Saturday, October 29, 2011

Notes about effective meetings with Laura Lipton

Laura Lipton - leading groups. 

If meetings are used to dispense information you are wasting people's time. Meetings should be used to process and discuss information. 

A skilled group leader recognizes the needs and wants of others first and puts their own needs ands wants last. 

A skilled group leader is like a zoologist who recognizes the inherent characteristics of all group members and celebrates the diversity of each. 

To present is to teach and transform group members by enriching and extending their knowledge, skills, and attitudes. 

Successful meetings are outcome driven not activity driven. 

Skilled leaders craft presentations that help group members transform information into ideas and ideas into action. 

In high performing groups expertise comes ultimately from the group not the province of any one person. 

Leaders should save a place at the table for themselves, but to be equal with the group and not perceived as taking a "one-up" position relative to the rest. 

If you are implementing a certain strategy but can't explain why then most likely it is not an effective strategy

It is always the group's group not your group. 

The goals of a grou p should not be focused on the leader but the group. The leader should be implementing strategies and conversations to create the group more effective not the leader. 

Planning with punitive action (seating plans) will get you resistance instead of engagement.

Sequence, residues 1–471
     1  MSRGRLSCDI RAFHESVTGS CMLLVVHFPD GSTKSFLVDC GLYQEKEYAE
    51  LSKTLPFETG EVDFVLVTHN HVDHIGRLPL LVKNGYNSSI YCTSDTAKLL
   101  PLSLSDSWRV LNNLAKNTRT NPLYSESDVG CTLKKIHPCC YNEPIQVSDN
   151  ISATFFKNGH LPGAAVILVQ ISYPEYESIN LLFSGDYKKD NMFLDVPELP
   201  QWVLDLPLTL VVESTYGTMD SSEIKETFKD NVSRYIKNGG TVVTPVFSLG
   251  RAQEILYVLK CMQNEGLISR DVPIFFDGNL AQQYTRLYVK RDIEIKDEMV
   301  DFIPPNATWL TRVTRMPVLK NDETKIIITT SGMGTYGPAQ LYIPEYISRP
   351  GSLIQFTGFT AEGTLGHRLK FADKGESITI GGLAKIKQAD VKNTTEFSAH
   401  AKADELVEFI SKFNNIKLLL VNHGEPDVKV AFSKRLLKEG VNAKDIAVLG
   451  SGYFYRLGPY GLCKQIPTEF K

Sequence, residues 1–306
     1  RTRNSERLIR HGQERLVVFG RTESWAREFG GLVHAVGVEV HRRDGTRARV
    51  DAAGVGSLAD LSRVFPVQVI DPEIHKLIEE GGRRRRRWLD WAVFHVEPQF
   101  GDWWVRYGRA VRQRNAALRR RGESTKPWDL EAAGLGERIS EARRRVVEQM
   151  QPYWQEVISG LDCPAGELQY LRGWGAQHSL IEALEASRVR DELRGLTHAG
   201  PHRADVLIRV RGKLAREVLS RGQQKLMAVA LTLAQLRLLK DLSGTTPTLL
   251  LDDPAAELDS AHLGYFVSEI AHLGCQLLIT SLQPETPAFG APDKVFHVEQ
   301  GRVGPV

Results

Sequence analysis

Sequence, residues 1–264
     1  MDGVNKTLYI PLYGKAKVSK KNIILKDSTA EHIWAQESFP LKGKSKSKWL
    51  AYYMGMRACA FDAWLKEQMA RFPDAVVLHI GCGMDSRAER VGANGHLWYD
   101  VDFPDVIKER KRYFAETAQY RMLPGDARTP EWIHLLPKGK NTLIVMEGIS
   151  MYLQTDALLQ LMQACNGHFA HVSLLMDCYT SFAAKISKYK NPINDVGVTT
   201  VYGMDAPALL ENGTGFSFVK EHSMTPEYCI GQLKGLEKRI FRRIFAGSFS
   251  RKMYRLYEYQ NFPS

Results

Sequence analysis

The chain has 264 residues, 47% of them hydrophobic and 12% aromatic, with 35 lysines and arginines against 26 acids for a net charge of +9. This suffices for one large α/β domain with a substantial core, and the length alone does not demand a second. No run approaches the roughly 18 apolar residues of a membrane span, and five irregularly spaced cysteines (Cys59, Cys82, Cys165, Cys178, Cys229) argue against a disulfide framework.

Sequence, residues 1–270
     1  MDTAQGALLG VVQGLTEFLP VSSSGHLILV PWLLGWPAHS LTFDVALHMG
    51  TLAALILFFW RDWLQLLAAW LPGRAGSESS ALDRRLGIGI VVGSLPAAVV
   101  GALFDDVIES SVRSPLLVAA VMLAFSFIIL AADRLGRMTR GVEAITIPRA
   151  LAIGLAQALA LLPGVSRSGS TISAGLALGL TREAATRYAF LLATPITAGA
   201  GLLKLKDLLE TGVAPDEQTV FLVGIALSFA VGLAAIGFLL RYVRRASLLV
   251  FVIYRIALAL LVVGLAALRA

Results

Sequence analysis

If meetings are comfortable then you are probably not talking about the right stuff. 

You can't have a blueprint for change when dealing with people. There are no nice right angles with people. 

Leaders should be aware of any biases they have on a topic and allow the group to create their own view. By asking the right questions and you can always get the answers You want. 

Before an individual can embrace new ways, unlearning, at a variety of levels is necessary. 

Instead of worrying about having "measurable" outcomes or goals start focusing on looking for evidence of learning or goals..

If when you leave a meeting you don't feel challenged you have just wasted your time 

If your activity is not task orientated, it is just fluff and wasting time. 

 We are living with a high autonomy culture but have too much mandated collaboration. 

Just because we are talking about the same issue doesn't mean we are collaborating. 

The work we do outside of our classroom is just as important and critical as to the work we do inside the classroom. 

Too many meetings are seen as a place where minutes are taken and hours lost. 

Provide the agenda for the meeting before to allow members to reflect and create thought on the topics before the meeting. 

Effective groups take collective responsibility.